Airbus Calls for 18” Wide Economy Seats as International Standard
Capitalizing on the trend towards narrower seats, Airbus called for airlines to adopt an 18” (45.72 cm) standard for the width of economy seats on long-haul aircraft on Monday.
In recent years, numerous airlines including American, Air Canada, Air France-KLM, Dubai’s Emirates Airline, and United Airlines are cutting back on shoulder space by adding an extra seat into each row in coach. Until recently, the standard on a Boeing 777 was nine seats per row. In 2012, the airframe maker says that almost 70% of the largest versions of that aircraft were shipped with ten seats per row.
A look at the new measurements is telling. The seat width in economy on a new American 777-300ER is 17”; on a new United 787 Dreamliner, a seat in coach has a width of 17.3”.
Most Dreamliner customers, 90%, have specified what United has: nine-abreast seating instead of what launch customer ANA’s Dreamliners came with, namely a roomier eight-abreast version.
Boeing is not the only aircraft manufacturer building plane with narrow seats. Ten airlines have taken delivery of Airbus A330 aircraft with nine 16.7” seats per row, instead of the eight it was originally designed for.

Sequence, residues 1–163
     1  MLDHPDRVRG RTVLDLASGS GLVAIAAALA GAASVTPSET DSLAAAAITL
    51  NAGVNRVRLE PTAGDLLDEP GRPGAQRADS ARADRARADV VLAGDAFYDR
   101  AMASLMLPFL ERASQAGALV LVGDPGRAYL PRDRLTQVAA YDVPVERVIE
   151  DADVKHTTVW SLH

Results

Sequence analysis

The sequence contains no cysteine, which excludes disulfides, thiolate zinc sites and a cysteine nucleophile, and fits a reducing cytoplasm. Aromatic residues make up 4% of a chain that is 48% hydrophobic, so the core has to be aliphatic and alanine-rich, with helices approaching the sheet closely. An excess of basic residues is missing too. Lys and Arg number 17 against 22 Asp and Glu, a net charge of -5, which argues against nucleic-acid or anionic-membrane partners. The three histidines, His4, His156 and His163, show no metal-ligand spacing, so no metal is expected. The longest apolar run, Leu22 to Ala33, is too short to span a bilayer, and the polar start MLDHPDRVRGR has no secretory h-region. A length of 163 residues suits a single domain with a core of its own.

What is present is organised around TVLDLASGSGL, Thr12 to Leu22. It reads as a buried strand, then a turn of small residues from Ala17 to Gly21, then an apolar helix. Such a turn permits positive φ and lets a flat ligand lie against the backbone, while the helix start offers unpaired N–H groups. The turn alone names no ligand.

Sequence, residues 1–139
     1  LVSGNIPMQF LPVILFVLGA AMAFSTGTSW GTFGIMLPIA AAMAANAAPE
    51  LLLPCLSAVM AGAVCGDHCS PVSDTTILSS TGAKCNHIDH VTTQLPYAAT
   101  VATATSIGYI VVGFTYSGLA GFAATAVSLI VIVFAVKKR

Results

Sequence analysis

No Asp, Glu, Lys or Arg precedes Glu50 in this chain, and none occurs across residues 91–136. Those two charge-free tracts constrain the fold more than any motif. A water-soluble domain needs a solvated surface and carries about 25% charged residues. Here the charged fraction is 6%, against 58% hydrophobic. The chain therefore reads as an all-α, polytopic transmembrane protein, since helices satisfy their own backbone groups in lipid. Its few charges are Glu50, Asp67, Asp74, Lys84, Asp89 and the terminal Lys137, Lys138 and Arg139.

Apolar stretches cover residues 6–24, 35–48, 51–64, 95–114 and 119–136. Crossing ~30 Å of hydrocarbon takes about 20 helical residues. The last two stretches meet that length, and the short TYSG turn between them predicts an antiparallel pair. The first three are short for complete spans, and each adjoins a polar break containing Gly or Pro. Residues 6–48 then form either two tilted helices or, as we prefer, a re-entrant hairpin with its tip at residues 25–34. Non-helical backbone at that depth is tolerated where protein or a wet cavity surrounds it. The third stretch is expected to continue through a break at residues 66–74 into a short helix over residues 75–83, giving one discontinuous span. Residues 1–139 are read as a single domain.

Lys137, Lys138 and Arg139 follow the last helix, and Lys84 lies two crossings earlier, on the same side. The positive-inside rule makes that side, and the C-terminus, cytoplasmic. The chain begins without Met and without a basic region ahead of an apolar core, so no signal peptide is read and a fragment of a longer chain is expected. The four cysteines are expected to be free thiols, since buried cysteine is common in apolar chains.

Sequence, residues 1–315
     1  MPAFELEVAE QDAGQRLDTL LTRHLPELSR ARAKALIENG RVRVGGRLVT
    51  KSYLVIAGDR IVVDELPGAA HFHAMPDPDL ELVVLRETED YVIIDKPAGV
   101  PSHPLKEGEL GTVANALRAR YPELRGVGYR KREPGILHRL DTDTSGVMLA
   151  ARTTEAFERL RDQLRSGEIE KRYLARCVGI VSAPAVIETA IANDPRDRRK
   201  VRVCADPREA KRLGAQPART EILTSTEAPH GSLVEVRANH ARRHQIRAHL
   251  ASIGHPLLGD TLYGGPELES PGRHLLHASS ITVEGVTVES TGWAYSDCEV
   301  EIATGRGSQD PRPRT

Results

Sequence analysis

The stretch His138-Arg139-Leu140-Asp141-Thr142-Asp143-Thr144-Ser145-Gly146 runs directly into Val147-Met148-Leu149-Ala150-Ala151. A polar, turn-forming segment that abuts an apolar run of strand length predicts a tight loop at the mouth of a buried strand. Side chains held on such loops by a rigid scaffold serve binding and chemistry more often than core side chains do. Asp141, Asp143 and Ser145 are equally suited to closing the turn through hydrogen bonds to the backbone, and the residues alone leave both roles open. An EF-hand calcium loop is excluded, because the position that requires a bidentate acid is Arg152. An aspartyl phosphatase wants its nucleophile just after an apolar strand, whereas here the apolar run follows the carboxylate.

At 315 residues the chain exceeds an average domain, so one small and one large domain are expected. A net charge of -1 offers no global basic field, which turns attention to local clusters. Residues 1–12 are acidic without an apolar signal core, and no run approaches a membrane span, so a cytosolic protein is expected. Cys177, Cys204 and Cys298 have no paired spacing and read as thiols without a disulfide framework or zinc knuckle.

In proposing the 18” standard, Airbus cited new research by the London Sleep Centre that showed that a passenger sitting on a seat that is 18” wide saw an improved quality of sleep by 53% when compared to sitting on a 17” seat. The researchers used polysomnography to record physiological sleep measurements including monitoring brainwaves, eye, abdominal, chest, and hip leg movement, on passengers.
In a recent survey of frequent flyers by Frequent Business Traveler, the top three complaints that were cited related to insufficient personal space on an aircraft including insufficient legroom, seatmates who take up too much space width-wise, and forward passengers who recline too much.
(Photo: Accura Media Group)